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Teaching House Nomads Blog | May 21, 2019

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How to Teach Students Never to Give Up

How to Teach Students Never to Give Up
Barry O'Leary

Learning English is not easy for everyone. Some people can pick it up easier than the flu on a stuffy train carriage, while others take an eternity to get to grips with the complex grammar, frustrating pronunciation, and vast variety of vocabulary. I’ve seen plenty of students crash and burn over the years, so how can we teach students never to give up?

Where there’s a will there’s a way.

Teaching English is a hard job. Even when you’ve got the solid foundation of a CELTA under your belt, there’s a lot you have to manage. Not only are we responsible for creating fun and interesting lessons, correcting our students’ mistakes, and keeping them engaged and paying attention in class, but we are also a key source for their motivation. And without motivation, and a desire to improve and learn, the chances of grasping English is pretty slim.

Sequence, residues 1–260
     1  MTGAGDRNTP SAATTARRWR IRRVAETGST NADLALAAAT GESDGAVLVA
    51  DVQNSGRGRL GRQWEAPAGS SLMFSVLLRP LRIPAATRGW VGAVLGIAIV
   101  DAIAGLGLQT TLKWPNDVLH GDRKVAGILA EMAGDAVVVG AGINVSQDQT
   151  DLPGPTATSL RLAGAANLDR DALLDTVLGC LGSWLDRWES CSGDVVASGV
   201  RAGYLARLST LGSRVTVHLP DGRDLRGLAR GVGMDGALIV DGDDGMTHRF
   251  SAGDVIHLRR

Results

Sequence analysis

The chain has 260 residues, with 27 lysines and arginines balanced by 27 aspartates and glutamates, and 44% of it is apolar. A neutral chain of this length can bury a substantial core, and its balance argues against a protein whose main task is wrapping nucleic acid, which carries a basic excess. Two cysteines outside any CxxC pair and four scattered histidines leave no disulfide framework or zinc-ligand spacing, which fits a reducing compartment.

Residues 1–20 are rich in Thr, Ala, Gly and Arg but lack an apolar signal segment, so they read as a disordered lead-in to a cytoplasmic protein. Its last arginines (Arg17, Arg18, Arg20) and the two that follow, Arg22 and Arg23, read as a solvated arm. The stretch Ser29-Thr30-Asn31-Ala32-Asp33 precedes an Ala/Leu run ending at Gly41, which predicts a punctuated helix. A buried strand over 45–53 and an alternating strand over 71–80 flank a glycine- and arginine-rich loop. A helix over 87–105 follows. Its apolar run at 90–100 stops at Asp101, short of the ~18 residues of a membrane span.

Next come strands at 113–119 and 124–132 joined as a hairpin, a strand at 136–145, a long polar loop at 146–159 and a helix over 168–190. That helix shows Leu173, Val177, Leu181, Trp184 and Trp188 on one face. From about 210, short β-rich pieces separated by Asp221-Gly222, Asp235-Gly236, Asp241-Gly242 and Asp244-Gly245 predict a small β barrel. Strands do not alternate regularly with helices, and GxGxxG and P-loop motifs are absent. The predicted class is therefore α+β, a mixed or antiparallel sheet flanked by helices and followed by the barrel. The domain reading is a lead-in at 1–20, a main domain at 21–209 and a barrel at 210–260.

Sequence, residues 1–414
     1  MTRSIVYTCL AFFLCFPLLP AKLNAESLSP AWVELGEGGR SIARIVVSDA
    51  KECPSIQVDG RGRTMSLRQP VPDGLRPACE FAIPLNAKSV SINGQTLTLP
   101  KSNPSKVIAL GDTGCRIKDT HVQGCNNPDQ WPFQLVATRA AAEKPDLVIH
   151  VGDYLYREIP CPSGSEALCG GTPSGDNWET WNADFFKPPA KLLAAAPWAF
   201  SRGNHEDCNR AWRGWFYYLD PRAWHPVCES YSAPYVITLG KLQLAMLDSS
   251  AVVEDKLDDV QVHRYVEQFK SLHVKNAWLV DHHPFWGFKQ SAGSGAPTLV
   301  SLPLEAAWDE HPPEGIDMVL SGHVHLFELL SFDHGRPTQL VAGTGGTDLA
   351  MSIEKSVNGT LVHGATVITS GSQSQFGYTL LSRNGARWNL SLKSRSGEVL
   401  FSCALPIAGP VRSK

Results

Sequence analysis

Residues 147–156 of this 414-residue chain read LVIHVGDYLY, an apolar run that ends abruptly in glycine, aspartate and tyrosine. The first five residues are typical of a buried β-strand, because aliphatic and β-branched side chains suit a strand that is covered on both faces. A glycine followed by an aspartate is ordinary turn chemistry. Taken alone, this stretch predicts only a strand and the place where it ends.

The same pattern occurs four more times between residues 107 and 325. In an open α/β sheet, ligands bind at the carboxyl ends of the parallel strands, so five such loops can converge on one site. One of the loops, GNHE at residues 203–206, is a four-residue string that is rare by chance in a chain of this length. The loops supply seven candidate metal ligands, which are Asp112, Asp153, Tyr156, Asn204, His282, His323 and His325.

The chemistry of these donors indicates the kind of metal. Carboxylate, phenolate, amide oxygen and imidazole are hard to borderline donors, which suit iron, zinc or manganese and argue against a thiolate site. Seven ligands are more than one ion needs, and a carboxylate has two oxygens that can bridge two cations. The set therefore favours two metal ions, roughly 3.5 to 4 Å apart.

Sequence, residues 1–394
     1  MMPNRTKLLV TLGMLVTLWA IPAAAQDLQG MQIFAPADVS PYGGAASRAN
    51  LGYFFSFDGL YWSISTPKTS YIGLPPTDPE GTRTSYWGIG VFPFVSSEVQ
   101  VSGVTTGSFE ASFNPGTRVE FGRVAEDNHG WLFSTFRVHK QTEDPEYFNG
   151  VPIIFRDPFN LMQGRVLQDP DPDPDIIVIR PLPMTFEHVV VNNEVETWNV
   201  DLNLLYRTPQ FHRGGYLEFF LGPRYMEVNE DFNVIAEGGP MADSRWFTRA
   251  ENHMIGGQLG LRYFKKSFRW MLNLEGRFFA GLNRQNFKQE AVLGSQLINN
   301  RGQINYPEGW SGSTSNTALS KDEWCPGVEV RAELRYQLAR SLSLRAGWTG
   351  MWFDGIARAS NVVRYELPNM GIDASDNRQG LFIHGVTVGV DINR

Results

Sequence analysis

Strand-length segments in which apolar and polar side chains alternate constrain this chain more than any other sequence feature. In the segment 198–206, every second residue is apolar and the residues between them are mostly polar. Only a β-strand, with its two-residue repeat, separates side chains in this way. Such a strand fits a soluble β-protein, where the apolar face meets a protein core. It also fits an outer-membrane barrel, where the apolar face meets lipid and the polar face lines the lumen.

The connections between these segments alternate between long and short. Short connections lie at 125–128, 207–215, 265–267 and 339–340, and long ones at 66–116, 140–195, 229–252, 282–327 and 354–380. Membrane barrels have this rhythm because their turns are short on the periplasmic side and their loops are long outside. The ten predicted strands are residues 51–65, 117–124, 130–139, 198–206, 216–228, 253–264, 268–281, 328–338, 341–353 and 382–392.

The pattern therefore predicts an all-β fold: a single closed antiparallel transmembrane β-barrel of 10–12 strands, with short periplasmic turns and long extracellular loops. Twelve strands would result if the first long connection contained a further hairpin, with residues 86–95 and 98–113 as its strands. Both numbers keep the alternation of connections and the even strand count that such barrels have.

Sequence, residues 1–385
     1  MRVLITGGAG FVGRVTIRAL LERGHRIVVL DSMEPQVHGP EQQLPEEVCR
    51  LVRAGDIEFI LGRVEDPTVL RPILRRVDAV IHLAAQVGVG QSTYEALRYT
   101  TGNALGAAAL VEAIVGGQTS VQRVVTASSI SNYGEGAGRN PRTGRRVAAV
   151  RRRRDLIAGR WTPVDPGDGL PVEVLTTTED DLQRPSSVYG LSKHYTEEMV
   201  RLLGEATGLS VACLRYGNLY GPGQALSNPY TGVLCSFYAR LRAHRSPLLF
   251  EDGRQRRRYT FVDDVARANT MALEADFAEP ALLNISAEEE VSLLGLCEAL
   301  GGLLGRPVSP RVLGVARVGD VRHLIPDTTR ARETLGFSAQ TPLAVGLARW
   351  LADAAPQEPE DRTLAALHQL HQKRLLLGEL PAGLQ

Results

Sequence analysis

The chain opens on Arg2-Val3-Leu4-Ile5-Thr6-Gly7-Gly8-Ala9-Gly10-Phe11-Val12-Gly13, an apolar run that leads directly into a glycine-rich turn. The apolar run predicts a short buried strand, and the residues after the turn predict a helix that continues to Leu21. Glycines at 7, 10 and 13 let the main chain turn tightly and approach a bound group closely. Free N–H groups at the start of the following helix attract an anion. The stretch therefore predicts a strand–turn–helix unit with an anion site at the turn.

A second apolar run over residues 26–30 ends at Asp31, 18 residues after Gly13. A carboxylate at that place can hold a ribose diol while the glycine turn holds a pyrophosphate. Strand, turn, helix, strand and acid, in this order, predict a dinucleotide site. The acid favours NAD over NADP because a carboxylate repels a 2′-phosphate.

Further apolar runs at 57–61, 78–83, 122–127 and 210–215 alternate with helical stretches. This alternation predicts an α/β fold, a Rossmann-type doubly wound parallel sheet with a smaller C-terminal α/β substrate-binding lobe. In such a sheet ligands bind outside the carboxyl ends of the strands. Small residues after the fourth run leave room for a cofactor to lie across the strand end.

It’s our job to inspire students, but what’s the best way?

A short inspiring story

Let me tell you a brief story about Jesus. He’s an example I use with all my struggling classes.

I taught him way back when he was six (now he’s eighteen, which makes me feel like an old fart). Back then he would jump about the class causing havoc and not really pay attention, but he was young and having fun. We clicked straight away, perhaps because I actually let him run about causing havoc.

Anyway, over the years it became clear Jesus struggled with English. He would try his sort of best, but English was hard for him. When he failed the B1, twice, he was close to throwing in the towel.

Impossible is nothing.

So we had a chat. I’d noticed he’d become quieter in class, probably going deeper into his shell. He told me it was a mix of lack of confidence and laziness. So I told him to be more autonomous in class and at home, ask more questions, and really get in the teacher’s face. I explained that it was hard for us teachers to really know if he understood something or not, only he did really.